Kintla Striker presented the latest findings on the efficacy of Kintla Yoga Therapy: “Therapeutic Efficacy of Yoga in Individuals with Varied Traumatic Stress Histories.” at the “Movement: Brain, Body, Cognition Conference” at the Joseph B. Martin Conference Center, Harvard Medical School on July 27-29, 2018. 

I am a yoga teacher, a trauma educator, a wife, a mother, a grandmother, and a trauma-survivor with a big dream: That like food, water, and shelter, mental wellness becomes recognized as a basic human need, and that across the globe, every trauma survivor has access to learning simple mind-body tools from an attuned teacher or therapist when traumatic stress arises.
— Kintla Striker
Kintla Striker giving a talk at Harvard Medical School on the latest research supporting the therapeutic efficacy of Kintla Yoga Therapy in individuals with varied traumatic stress histories. The findings reflect significant positive outcomes in five domains of functioning: cognitive, psychological, emotional, relational, and physical health and wellbeing with just 8 weeks of KYT.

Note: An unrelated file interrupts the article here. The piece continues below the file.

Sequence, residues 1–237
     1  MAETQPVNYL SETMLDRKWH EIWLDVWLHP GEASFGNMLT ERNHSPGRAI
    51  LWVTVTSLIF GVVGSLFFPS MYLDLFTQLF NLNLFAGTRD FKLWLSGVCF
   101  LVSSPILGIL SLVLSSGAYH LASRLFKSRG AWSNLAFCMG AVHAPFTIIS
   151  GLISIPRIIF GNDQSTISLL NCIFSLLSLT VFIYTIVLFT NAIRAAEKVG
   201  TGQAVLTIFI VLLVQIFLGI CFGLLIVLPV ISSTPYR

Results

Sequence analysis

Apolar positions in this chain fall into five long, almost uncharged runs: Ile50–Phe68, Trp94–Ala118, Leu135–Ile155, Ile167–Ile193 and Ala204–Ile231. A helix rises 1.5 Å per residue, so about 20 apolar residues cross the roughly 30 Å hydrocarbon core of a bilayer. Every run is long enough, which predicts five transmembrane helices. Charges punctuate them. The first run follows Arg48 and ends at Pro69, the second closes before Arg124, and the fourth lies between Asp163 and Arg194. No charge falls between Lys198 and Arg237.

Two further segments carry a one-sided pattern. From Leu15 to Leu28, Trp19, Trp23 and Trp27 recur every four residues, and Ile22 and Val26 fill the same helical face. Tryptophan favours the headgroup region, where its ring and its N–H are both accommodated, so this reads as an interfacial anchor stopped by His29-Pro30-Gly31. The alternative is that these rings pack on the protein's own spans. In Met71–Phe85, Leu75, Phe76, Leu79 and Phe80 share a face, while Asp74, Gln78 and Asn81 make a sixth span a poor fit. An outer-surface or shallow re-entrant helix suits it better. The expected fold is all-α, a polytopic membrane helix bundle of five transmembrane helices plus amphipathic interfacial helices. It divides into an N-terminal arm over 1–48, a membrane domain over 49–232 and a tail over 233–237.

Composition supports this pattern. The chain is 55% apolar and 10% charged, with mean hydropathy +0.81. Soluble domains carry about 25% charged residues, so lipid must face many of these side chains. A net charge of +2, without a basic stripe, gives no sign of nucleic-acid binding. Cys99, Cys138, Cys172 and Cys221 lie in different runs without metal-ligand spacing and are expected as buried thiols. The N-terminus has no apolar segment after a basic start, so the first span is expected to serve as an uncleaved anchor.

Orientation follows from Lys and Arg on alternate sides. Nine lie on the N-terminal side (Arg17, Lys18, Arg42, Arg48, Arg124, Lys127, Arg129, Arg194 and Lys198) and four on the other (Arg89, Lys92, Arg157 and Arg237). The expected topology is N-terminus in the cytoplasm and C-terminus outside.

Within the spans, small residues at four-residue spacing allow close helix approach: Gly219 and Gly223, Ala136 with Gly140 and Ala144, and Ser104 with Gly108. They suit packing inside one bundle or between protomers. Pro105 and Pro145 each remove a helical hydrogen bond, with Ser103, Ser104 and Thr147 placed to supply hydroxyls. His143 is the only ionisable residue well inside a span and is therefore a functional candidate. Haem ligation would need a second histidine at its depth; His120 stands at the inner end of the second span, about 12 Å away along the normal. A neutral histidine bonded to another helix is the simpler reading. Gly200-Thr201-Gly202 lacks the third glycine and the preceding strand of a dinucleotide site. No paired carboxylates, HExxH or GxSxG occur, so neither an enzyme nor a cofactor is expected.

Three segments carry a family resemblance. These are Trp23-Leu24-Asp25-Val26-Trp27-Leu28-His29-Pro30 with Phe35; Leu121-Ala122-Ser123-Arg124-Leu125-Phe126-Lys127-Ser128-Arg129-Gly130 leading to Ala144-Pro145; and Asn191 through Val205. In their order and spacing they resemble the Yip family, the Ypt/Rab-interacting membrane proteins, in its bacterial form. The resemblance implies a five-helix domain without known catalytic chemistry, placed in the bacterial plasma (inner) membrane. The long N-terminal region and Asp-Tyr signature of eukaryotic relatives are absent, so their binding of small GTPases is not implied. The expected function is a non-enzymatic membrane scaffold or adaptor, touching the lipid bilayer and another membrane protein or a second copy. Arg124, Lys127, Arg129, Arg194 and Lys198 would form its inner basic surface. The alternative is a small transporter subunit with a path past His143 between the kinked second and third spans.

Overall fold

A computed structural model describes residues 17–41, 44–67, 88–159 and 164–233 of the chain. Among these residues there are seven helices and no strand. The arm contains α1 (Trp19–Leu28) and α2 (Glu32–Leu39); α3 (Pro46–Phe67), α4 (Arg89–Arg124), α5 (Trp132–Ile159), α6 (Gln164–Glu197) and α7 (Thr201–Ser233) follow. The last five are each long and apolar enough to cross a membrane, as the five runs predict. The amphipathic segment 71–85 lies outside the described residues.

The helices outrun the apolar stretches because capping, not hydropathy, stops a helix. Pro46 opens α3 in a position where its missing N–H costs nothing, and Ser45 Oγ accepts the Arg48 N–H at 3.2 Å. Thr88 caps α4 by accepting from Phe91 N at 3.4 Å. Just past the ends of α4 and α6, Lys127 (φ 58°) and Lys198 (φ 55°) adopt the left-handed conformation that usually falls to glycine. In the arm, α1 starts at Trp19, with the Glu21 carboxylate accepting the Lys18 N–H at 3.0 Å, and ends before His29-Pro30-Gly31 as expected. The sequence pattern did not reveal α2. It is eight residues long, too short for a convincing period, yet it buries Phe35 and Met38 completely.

Together these findings support the therapeutic efficacy of the KYT method intervention for treating individuals with varied traumatic stress histories. 

The beneficial effects of this intervention on cognition, emotion, relationships, physical and psychological health, and overall well-being, are thought to result from a combination of building a trusting, supportive relationship with the attuned yoga teacher and from the practice itself in facilitating a mind-body connection that promotes trauma resilience and recovery.

Having worked now extensively over the years with a number of severely traumatized individuals, it is my unwavering opinion that this type of yoga intervention is the starting point of all good trauma therapy.

 

I cannot fully express how appreciative I am to be alive in this time of profound discovery, reflection, inquiry, revelations,

and understanding of trauma, how we process it and how we heal. It inspires in me, great hope for our world and for all humanity.
— Kintla Striker, “Movement: Brain, Body, Cognition Conference”, Harvard Medical School